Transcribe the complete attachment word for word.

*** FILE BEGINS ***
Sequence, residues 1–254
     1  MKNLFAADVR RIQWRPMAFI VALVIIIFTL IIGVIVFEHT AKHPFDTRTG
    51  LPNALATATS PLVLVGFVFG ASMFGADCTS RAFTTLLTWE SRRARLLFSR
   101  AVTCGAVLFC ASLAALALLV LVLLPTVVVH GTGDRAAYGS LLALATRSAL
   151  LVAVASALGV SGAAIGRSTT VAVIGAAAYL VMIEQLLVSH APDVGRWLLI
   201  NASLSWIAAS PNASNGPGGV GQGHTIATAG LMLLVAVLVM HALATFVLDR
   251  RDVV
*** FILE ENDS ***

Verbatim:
Sequence, residues 1–254
     1  MKNLFAADVR RIQWRPMAFI VALVIIIFTL IIGVIVFEHT AKHPFDTRTG
    51  LPNALATATS PLVLVGFVFG ASMFGADCTS RAFTTLLTWE SRRARLLFSR
   101  AVTCGAVLFC ASLAALALLV LVLLPTVVVH GTGDRAAYGS LLALATRSAL
   151  LVAVASALGV SGAAIGRSTT VAVIGAAAYL VMIEQLLVSH APDVGRWLLI
   201  NASLSWIAAS PNASNGPGGV GQGHTIATAG LMLLVAVLVM HALATFVLDR
   251  RDVV